Introduction

Authoritarian governments increasingly adopt technology-centric national strategies and methods of internal governance. They control their societies through digital censorship, propaganda, and surveillance, and use these same tools to manipulate foreign societies.1 Their leaders prioritize the development of cutting-edge technologies in pursuit of government efficiency and military and economic advantage. Some analysts view this turn to “digital authoritarianism” as an approach designed to make authoritarians more durable at home and powerful abroad.2 However, authoritarians adopt technology-centric strategies primarily due to their own insecurity. Digital authoritarianism is not so much a strategic choice, as it is a strategic necessity. In a globalized world, ideas and communications technologies are inherently threatening to authoritarian regimes, which must control both to ensure their survival. Authoritarians also increasingly depend on information technologies for economic growth and to build state capacity in areas where they have traditionally been at a comparative disadvantage to democracies. Ultimately, digital authoritarianism creates systemic risks for domestic governance and national security. In this sense, while digital authoritarianism has strengths, it will also become a regime’s Achilles’ Heel.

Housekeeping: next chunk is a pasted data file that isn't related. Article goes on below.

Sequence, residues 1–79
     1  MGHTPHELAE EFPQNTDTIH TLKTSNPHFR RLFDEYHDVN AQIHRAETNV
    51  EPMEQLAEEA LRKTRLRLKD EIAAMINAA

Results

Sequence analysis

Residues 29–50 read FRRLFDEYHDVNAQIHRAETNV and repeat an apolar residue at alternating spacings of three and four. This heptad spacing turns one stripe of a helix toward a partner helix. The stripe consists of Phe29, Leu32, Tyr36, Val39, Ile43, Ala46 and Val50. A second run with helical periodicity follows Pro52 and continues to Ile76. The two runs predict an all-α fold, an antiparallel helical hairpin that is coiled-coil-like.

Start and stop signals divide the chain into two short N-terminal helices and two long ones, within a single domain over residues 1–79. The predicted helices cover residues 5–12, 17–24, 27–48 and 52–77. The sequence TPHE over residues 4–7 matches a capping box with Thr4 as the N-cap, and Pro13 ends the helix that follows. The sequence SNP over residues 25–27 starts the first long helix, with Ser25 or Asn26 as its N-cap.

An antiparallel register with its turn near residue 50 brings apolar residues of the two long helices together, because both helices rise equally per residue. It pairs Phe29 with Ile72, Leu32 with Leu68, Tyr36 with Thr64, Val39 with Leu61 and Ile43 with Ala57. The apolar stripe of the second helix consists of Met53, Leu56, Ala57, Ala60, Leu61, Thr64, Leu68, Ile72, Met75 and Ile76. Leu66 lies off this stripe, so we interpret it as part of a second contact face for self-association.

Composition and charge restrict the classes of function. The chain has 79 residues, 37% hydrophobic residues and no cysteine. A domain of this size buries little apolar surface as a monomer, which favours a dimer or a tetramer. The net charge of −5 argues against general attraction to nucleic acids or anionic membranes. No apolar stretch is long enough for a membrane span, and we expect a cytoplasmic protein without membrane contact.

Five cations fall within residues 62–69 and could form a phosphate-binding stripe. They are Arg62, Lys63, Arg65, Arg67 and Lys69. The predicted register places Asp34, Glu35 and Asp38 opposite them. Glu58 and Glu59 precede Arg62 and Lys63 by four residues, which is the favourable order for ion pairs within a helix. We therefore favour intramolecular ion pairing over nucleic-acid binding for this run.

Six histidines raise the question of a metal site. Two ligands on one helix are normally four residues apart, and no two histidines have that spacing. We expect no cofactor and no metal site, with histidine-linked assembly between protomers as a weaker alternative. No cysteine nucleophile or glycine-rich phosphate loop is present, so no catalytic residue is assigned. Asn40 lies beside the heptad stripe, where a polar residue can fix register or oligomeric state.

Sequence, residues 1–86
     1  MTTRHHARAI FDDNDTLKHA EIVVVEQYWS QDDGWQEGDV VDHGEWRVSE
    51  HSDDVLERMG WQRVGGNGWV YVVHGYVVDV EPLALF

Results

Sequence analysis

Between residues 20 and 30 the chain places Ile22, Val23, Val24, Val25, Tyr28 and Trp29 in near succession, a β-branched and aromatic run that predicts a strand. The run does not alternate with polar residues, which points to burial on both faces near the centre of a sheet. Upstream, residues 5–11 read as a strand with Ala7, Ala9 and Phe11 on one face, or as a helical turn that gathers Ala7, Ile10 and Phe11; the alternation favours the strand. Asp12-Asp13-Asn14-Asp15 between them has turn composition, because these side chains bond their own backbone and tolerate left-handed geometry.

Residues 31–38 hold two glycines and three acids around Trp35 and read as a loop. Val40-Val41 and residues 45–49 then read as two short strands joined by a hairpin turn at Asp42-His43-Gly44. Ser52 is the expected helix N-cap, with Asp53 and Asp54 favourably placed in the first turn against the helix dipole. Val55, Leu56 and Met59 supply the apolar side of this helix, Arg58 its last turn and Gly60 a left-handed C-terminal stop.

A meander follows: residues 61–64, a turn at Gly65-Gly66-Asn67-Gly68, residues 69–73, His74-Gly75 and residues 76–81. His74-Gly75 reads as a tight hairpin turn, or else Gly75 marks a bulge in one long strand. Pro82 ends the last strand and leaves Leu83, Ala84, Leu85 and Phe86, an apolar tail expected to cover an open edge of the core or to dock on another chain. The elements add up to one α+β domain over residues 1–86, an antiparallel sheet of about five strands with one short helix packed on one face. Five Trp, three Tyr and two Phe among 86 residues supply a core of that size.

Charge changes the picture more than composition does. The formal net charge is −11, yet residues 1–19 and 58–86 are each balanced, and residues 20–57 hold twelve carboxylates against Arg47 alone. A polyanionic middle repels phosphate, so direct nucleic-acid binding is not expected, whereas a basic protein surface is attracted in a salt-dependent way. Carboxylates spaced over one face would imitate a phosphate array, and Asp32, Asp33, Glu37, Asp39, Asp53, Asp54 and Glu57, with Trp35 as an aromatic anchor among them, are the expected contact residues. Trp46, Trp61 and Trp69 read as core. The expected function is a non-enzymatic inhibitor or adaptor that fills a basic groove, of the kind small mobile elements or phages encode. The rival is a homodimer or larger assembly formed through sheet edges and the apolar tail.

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  1. For an overview of the features of “digital authoritarianism,” see Alina Polyakova and Chris Meserole, “Exporting digital authoritarianism: The Russian and Chinese models,” Brookings, August 2019.
  2. See, for example, Andrew Kendall-Taylor, Erica Frantz & Joseph Wright, “The digital dictators: How technology strengthens autocracy,” Foreign Affairs, March/April 2020.